IQALUIT — The spouse of a Nunavut man shot and killed by RCMP last year says she wants to see the report on the investigation into his death. The Ottawa Police Service issued a statement earlier this month on its independent investigation into the shooting, which found the officers involved not criminally responsible for Abraham Natanine’s death. Natanine, 31, was shot after two officers responded to a domestic disturbance at his home in Clyde River on the night of May 5, RCMP said. Michelle Illauq, Natanine's spouse and the mother of his two children, was there that night. In a statement through her lawyer, Qajaq Robinson, Illauq said she remembers the situation differently than the RCMP. "What they said happened isn't what I remember," she said in the statement, which didn't provide any details about the night. Illauq said she also has not seen the investigation's report and only found out about its conclusion through the news. "I want to see the reports and the statements. When they killed him, it shattered so many lives," she said. "It's impossible to find peace without answers." Nunavut Mounties have given few details on the circumstances around Natanine's death. A release from the RCMP issued a week after the statement from Ottawa police said the situation "escalated" when Natanine went to retrieve a weapon, but the RCMP has not said what that weapon was. Nunavut RCMP currently has an agreement with Ottawa and Calgary police to investigate serious incidents involving officers. That agreement does not require their reports to be made public. "We're continuing to pursue access to the reports," Robinson said. Since Jan. 1, 2020, there have been six serious encounters involving police in Nunavut, including the shooting deaths of Natanine and Attachie Ashoona in the hamlet of Kinngait. Earlier this year, Ottawa police cleared the officer who shot and killed Ashoona as well as the officer who knocked down a Kinngait man with a truck door during an arrest. Nunavut RCMP said they won’t comment further on Natinine's shooting because they anticipate there may be other reviews. In December, Nunavut’s justice minister introduced a bill that would open the door for civilian oversight of RCMP in Nunavut. The bill, as it stands, still leaves the option open for police forces to conduct third-party investigations. The bill has passed second reading and is being reviewed by Nunavut’s standing committee on legislation. This report by The Canadian Press was first published April 21, 2021. ___ This story was produced with the financial assistance of the Facebook and Canadian Press News Fellowship. Emma Tranter, The Canadian Press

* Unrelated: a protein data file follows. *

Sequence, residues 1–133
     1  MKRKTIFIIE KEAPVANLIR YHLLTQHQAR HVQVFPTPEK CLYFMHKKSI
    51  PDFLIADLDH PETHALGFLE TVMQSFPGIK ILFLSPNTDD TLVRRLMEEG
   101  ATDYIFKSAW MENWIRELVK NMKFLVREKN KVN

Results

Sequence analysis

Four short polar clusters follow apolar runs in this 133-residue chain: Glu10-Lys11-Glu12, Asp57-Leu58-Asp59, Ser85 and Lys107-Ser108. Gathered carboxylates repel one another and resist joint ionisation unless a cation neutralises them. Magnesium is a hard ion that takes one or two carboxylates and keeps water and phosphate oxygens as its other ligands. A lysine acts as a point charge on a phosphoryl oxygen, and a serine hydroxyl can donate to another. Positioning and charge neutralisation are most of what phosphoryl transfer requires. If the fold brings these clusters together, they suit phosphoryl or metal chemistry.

Matt Harmon looks at the 10 worst running back depth charts in the NFL right now to try and find out which teams might make a big splash at the position in the 2021 NFL draft.
NFL owners approved eliminating overtime in preseason games and expanded selection of jersey numbers for receivers, running backs and defensive backs. During a virtual meeting Wednesday, the 32 owners also defeated a proposal by the Philadelphia Eagles that a team be given two chances per game to retain possession after a score by converting a fourth-and-15 play from its 25-yard line.
MILAN — The Italian soccer federation will not punish Juventus and the Milan clubs for their involvement in the failed attempt to launch a Super League. “Absolutely not, you can’t punish an idea that wasn’t carried out,” said FIGC president Gabriele Gravina when asked if he would impose sanctions on the three Serie A clubs. The Super League project was abandoned by the three Italian clubs on Wednesday, the day after the six Premier League teams involved in the new competition made it unviable by dropping out. Atlético Madrid also pulled out on Wednesday, leaving Spanish powerhouses Real Madrid and Barcelona as the only teams still officially involved. But Gravina said the plans for the Super League should serve as a wake-up call that change is needed. “It seems as if everything has returned to normal but it is an alert that should make us reflect on the fact that something is not working and that should be further examined,” he said. “There needs to be remedies and proposals in order to avoid other breakaways going forwards.” The Super League was intended to be a 20-team competition with 15 founding members guaranteed a spot every season and five other teams rotating in and out. The lack of relegation for the founding members raised concerns about the consequences for smaller clubs in the domestic leagues around the continent. ___ More AP soccer: https://apnews.com/hub/soccer and https://twitter.com/AP_Sports The Associated Press